In fields where cleavers populations are a big problem, all three products could be used: preseed clomozone, and the in-crop tankmix of quinclorac and herbicide standard. “In the study, using all three products provided the best results, often with an additional five per cent increase over the other combinations,” Willenborg explains. “However, growers have to assess whether or not the use of all three herbicides will pay for itself.” The results of the greenhouse dose-response experiments appeared to suggest cleavers populations responded similarly to glufosinate-ammonium, imazapyr+imazamox, and quinclorac, despite being from different locations in Western Canada. However, further testing and statistical analysis is needed to confirm this.
Both herbicides, although new to Western Canada for cleavers control, are older technologies. Clomozone, which is not yet registered in Western Canada as of December 2015, is a Group 13 product that has been registered in Eastern Canada under the product name Command for several years. Quinclorac, a Group 4 product, is now registered, but growers are cautioned they cannot use quinclorac in canola until the industry addresses MRL (maximum residue limits) considerations in some markets. Registration and acceptance of these herbicides will significantly improve cleavers control in Western Canada.
To manage cleavers in canola, growers should start controlling cleavers in the year before growing canola in rotation, such as in cereals where good control options are available. There are some existing Group 4 products, along with two new products registered in 2015, Pixxaro and Paradigm. The active ingredient in these products, halauxifen-methyl branded as Arylex, also has activity on kochia and can be tank-mixed with a range of other products for control of broadleaf and grassy weeds.
“The most important recommendation is in addition to in-crop herbicide control strategies, the addition of a fall application is key to managing cleavers over the long-term,” Willenborg says. “Growers need to plan to control cleavers that emerge in the fall prior to growing canola. Glyphosate can be used for control, but growers need to recognize the higher risk of developing herbicide resistance in cleavers, and therefore tank-mixes and well-planned herbicide rotations are key. Avoiding tillage is also recommended as tillage can create situations that encourage germination and recruitment of cleavers seedlings.”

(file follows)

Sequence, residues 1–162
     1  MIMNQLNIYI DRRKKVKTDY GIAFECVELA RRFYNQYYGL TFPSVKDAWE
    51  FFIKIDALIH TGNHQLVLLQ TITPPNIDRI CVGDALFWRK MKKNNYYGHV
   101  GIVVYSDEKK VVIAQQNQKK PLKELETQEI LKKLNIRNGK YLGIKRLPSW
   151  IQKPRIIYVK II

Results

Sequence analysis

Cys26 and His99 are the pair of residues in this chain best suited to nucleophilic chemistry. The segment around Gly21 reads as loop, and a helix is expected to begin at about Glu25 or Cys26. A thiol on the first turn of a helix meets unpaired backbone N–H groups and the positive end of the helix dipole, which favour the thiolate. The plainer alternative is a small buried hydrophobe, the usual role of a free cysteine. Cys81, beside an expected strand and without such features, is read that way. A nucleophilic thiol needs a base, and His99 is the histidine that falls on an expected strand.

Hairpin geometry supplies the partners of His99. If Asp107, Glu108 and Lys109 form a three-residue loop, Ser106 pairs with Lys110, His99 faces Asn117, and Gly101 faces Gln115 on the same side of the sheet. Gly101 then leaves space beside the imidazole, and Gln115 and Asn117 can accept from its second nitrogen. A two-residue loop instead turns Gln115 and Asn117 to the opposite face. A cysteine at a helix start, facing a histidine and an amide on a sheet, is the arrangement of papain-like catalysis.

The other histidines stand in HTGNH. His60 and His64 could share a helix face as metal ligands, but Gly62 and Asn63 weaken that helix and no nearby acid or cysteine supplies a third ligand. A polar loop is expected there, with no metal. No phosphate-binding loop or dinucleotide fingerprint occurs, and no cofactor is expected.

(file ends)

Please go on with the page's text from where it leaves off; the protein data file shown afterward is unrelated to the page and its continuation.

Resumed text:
Although the addition of these new herbicide options will provide good options for canola growers when available, over the long term they are not a silver bullet. These herbicides, like all herbicide tools, will need to be carefully managed to reduce the risk of herbicide resistance. Cleavers resistance to Group 2 herbicides has already developed across Alberta and Saskatchewan, and cleavers rank second among weeds likely to develop glyphosate resistance in the Black soil zone.
“Our study showed that spring applied clomazone reduced the size and stage of cleavers found in-crop, and it is known that lower population numbers reduce the risk of developing herbicide resistance,” Willenborg adds. “Both clomazone and quinclorac, which can be tank-mixed with any of the in-crop herbicides, also provide alternative modes of action for control and by tank-mixing with herbicide standards, should delay the evolution of resistance to glyphosate and glufosinate.
“However, in the mid 1990s, some cleavers populations in Alberta were identified as resistant to quinclorac, which is Group 4, as well as some Group 2 products, so there are some multiple resistant populations that already exist in Western Canada. Although these resistant populations haven’t spread very much, the scale that quinclorac could be used in canola in the future could mean an increased selection pressure for this herbicide and this could result in the spread of these populations.”
Willenborg is building on this work with some new projects to address some other questions that impact management related to emergence timing and base temperatures. “A better understanding of both emergence timing of spring and fall cleavers, along with corresponding base temperatures, will help us to develop better models to more accurately predict emergence timing for growers,” he says.
“Another area we are looking at is as more growers move to straight cutting and the use of desiccants and harvest aids in harvesting canola, we need to have a better understanding of fall emergence timing of cleavers. Growers need to know what effect a pre-harvest application of desiccants or harvest aids might have on cleavers control and for reducing seed production. Moreover, a significant proportion of cleavers populations emerge in the fall and, therefore, management in the fall is key to the sustainable long-term management of cleavers in Western Canada.”